Villains, Heroes, Fans, Toys Galore published in China Business Philippines

I just stumbled this article in a search and its a lost article from last year, this was published in "China Business Philippines magazine" last year. Thanks to Chester G. Galias for the interview last Toy Con 2007. and according to the article, yes we are pretty beat up that year and I'm beat up too and so tired, and got time to do this interview.

I'm posting everything, just to save the article for future use

Villains, Heroes, Fans, Toys Galore
You wouldn’t expect the toys you used to throw around when you were five to cost thousands of pesos today. And because you were a brat and didn’t take care of them like you were told, you can do nothing now but watch as others make serious money selling classic Legos, Transformers, and G.I. Joe action figures.

The toy business in the Philippines is a growing enterprise as proven at this year’s Philippine Toys, Hobbies, and Collectibles Convention. From around 40 in 2003, there were some 90 booths at the recent ToyCon. Visitors (ages 3 to 70, according to organizer Azrael Coladilla) admired and purchased collector’s items on display.

Each ToyCon is anchored on a particular theme, usually an upcoming big-budget US summer flick. In 2007, it was Transformers; this year, The Dark Knight, the sequel to Batman Begins (2005). A steady stream of visitors had their pictures snapped next to a life-size replica of Batman and The Joker’s bust. Other popular photo-op dummies were Superman, Godzilla, and The Joker’s assistant, Harley Quinn. A very realistic replica of the head and shoulder armor of Iron Man was also on display.

Dressed to Kill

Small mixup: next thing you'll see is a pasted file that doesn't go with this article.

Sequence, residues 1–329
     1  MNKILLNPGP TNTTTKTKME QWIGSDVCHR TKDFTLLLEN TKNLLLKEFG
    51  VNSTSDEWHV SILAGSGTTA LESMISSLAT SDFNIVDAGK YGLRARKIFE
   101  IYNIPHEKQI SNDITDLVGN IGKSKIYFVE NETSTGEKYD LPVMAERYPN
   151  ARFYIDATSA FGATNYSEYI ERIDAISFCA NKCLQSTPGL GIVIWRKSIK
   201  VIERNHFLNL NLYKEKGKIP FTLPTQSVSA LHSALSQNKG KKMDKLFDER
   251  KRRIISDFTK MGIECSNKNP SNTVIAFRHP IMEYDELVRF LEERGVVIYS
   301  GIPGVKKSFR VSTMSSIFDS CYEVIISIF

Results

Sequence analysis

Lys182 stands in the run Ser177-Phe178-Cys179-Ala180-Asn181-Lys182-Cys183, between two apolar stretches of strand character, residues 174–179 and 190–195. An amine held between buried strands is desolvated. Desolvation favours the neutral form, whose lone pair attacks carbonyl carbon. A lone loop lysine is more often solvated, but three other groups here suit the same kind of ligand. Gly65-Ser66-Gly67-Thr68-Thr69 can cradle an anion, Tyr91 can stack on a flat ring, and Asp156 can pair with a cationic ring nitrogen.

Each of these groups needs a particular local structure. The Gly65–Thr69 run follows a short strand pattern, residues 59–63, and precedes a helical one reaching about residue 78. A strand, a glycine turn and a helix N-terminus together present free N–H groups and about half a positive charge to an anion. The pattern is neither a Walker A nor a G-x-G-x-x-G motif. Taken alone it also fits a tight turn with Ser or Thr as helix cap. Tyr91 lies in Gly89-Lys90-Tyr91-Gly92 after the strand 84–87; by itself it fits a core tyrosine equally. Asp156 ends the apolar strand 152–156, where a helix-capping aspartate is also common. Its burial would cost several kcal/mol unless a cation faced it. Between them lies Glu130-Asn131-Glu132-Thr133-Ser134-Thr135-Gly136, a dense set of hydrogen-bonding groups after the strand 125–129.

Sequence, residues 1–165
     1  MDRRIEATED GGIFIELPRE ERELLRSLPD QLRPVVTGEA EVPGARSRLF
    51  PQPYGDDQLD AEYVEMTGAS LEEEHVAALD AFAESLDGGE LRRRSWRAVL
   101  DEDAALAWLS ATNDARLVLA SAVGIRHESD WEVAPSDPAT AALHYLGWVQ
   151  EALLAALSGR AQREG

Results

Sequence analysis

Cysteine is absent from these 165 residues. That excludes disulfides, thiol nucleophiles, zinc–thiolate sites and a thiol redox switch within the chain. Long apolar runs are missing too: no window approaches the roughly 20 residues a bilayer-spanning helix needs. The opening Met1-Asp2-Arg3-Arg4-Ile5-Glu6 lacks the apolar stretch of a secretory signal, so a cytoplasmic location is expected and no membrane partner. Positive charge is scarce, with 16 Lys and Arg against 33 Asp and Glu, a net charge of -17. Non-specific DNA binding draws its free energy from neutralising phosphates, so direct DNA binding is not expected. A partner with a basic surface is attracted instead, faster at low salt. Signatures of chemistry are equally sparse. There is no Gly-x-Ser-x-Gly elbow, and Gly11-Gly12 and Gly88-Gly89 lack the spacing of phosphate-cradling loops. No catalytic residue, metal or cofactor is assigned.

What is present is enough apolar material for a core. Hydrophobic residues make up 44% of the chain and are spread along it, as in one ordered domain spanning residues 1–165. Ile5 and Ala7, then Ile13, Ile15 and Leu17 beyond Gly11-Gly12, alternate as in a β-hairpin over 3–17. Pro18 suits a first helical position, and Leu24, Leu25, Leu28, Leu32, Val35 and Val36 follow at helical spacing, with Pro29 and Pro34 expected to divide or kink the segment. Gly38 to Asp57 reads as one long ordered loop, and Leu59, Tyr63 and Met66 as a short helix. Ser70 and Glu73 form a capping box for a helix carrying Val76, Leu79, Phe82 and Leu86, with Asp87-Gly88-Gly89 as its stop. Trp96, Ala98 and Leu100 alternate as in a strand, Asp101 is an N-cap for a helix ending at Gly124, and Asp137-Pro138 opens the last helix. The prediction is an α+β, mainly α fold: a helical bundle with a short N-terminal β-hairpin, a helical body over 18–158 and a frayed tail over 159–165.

The convention floor space was filled with nearly a hundred vendors plying thousands of authentic movie memorabilia, comic books, robots, trading cards, CDs, hats, dolls, pins, action figures, and other hard-to-find items.

But costume play was still the main attraction. Costume play (“cosplay” among aficionados) is a contest where fans get to dress up and act like their favorite characters in animé, video games, comic books, and movies.

Darth Vader, Yoda, Spiderman, Iron Man, the Incredible Hulk, Super Mario, Chun-Li, Naruto, and Lord Sauron from The Lord of the Rings novel were just some the over 100 creatures walking around the venue for photo-ops and, of course, for the best cosplayer award.

Not to be Outdone
The 7th ToyCon may have been overflowing with merchandise from animation and comic book powerhouses US and Japan, but the Philippines and China also had some strong representatives at the venue. (Even “Manny Pacquiao” was there!)

Some young Filipino comic book artists doing subcontracted work for foreign clients were on hand to give practical tips on how to succeed in the comic book industry. Also featured was a video of Filipino American artist Whilce Portacio, where the former Marvel Comics artist encouraged budding artists.

The classic works of homebound master illustrators Alfredo P. Alcala (Voltar and Alcala Komix Magazine) and Mars Ravelo (Darna, Dyesebel, and Captain Barbell) were also exhibited.

The Philippines was also represented by the “Foldabots,” a Transformers-inspired line of paper art robots crafted by architect Jose Miguel “Jomike” Tejido. Its first commercial run was in 2006 for K-Zone Magazine, from where kids could simply cut out Foldabots from its pages. The robots have Filipino names like Buhawi (whirlwind), Tutubi (dragonfly), and Kalasag (shield). Most of the Foldabots turn into either local vehicles or endemic species. New versions come out every month, some of them even designed to form one bigger robot.

As for China, TOSE China and mobiusgames launched GONG!, a multiplayer online soccer game that has totally different, wacky rules and unconventional playing fields.

TOSE China was established in Shanghai in November 1993. The firm is a fully-owned subsidiary of Japan’s TOSE Co. Ltd, said to be the world’s largest non-publishing game developer.

TOSE’s second studio in China was founded in Hangzhou in 2001. So far, TOSE China has produced 400 titles for the world’s top gaming companies and mobile content publishers. The company is also involved in creating games for consoles, handheld game devices, and 2G and 3G mobile phones.

Organizers are pretty upbeat that next year’s ToyCon will again be bigger. They could be right. After all, there’s an inner child in all of us, as proven by the multi-billion-dollar toy industry.
- China Business Philippines